On an Advent Sunday in a small Protestant church in St. Petersburg, a Russian pastor nervously approached the pulpit. While his senior leadership was publicly neutral about the war, he was about to preach from the Sermon on the Mount against the invasion of Ukraine.
And in the pews before him was another potential land mine.
A congregant had been bringing along a childhood friend, who happened to be a Wagner Group mercenary. Wounded during combat for Russia’s private paramilitary company, the man was not there to spy. Yet while the pastor knew his close-knit congregation well, he could not predict the fallout from his message.
Relations remained good with the pastor’s mentor afterward, while the mercenary recovered and returned to the front lines. For now, the pastor has been left free to continue in ministry and—whether known to the intelligence services or not—in clandestine theological work against the war.
“Of course, we could go out and protest, but this would get you in jail,” he said, requesting anonymity. “For us, the most effective means are to work within your spheres of influence—and ours are very small.”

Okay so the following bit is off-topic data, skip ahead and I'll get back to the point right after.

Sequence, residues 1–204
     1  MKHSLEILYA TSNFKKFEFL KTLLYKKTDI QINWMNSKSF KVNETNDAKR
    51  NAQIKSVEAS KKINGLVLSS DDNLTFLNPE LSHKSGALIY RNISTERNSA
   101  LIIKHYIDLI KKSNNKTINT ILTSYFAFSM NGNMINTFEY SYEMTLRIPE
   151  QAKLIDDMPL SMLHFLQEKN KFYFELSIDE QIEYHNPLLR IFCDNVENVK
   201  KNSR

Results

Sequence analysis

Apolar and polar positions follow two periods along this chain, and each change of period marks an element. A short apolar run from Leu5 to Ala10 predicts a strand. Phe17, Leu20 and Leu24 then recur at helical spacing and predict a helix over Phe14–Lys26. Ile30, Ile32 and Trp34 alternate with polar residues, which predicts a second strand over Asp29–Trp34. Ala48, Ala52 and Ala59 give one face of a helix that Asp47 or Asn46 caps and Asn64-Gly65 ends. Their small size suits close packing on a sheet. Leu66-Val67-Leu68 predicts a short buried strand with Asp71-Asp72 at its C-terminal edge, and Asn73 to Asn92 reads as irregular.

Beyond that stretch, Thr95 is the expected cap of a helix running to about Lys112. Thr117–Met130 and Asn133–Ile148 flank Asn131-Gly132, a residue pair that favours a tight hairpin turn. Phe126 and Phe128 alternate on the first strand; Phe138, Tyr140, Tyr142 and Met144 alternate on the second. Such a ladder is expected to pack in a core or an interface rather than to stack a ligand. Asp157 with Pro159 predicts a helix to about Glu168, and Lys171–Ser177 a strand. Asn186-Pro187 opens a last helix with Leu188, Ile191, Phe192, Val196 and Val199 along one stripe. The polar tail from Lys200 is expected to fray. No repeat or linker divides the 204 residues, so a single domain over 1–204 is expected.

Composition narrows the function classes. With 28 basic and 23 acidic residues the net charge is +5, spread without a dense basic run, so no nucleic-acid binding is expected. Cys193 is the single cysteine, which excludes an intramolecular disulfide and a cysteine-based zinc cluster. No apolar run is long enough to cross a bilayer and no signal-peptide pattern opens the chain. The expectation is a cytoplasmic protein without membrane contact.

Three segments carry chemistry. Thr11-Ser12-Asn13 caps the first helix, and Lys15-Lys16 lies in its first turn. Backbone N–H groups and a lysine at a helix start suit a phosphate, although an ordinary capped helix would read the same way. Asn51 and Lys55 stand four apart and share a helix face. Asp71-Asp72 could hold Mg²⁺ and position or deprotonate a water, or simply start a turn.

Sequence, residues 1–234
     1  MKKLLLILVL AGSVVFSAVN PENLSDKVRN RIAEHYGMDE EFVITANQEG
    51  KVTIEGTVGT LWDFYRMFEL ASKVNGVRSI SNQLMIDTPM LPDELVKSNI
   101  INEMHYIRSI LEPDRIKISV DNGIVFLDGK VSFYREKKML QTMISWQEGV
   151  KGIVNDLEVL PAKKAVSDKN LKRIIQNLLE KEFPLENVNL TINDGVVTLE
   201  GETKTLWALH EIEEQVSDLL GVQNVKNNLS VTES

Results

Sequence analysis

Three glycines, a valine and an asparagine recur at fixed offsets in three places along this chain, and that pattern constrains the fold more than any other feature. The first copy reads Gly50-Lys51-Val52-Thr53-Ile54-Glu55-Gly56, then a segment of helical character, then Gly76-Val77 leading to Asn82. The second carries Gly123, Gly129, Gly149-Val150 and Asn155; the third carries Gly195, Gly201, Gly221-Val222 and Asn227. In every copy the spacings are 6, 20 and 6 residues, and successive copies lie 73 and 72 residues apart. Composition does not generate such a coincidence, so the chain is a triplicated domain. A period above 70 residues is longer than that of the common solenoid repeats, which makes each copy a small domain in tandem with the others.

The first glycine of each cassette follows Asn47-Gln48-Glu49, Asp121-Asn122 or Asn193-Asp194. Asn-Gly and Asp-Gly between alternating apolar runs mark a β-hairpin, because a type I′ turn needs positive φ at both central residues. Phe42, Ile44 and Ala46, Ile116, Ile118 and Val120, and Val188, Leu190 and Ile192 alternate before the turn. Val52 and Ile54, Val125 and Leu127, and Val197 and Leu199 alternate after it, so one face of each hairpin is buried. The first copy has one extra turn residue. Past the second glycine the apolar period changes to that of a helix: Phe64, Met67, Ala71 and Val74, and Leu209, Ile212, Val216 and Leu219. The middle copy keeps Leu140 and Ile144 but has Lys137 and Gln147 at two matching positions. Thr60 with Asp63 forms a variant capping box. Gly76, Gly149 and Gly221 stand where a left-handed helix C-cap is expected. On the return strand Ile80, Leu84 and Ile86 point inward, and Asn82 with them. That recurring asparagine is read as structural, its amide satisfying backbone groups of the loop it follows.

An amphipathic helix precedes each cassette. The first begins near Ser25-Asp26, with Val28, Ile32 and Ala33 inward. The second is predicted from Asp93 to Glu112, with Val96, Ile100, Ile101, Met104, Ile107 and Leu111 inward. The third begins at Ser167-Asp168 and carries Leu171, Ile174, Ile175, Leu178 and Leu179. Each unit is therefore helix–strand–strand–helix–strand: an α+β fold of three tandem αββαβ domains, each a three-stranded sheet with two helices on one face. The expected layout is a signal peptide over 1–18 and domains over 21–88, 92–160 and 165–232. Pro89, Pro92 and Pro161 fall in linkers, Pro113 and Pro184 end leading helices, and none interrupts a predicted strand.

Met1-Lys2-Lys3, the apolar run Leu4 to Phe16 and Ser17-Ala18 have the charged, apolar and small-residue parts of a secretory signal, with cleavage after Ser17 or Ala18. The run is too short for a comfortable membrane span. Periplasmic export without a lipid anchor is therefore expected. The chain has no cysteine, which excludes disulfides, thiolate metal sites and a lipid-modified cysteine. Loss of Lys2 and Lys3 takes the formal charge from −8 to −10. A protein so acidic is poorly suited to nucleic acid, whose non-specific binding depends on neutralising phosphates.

Over the course of the yearlong conflict, only a tiny minority of Russian Christian leaders have voiced complaint publicly. The response from authorities has been uneven: Minor church figures have been fined or jailed, while others continue to use their names on social media.
But no major denomination in Russia has condemned the war outright.
The St. Petersburg pastor, along with about 25 of his scattered multifaith colleagues, desired to confront their silence at the biblical source. Christianity Today spoke with three of them, on condition of anonymity, for insight into the antiwar movement.
The group released its declaration to “all Christians of Russia” in advance of Christmas.
“We are terrified by the fact that many church officials and theologians … are distorting the truth of the Holy Scriptures,” the Russian Christians stated via their Christians4Peace website and Telegram channel. “[But] we are convinced that participation in this war—on the side of the aggressor—is unacceptable for any Christian.”
The provided Russian and Ukrainian downloads of the declaration include an appendix with an extended theological treatise. Last summer, the pastor and a few like-minded friends began a study group on…
This article was originally published at Christianity Today on March 17, 2023. Please click here to read the full text.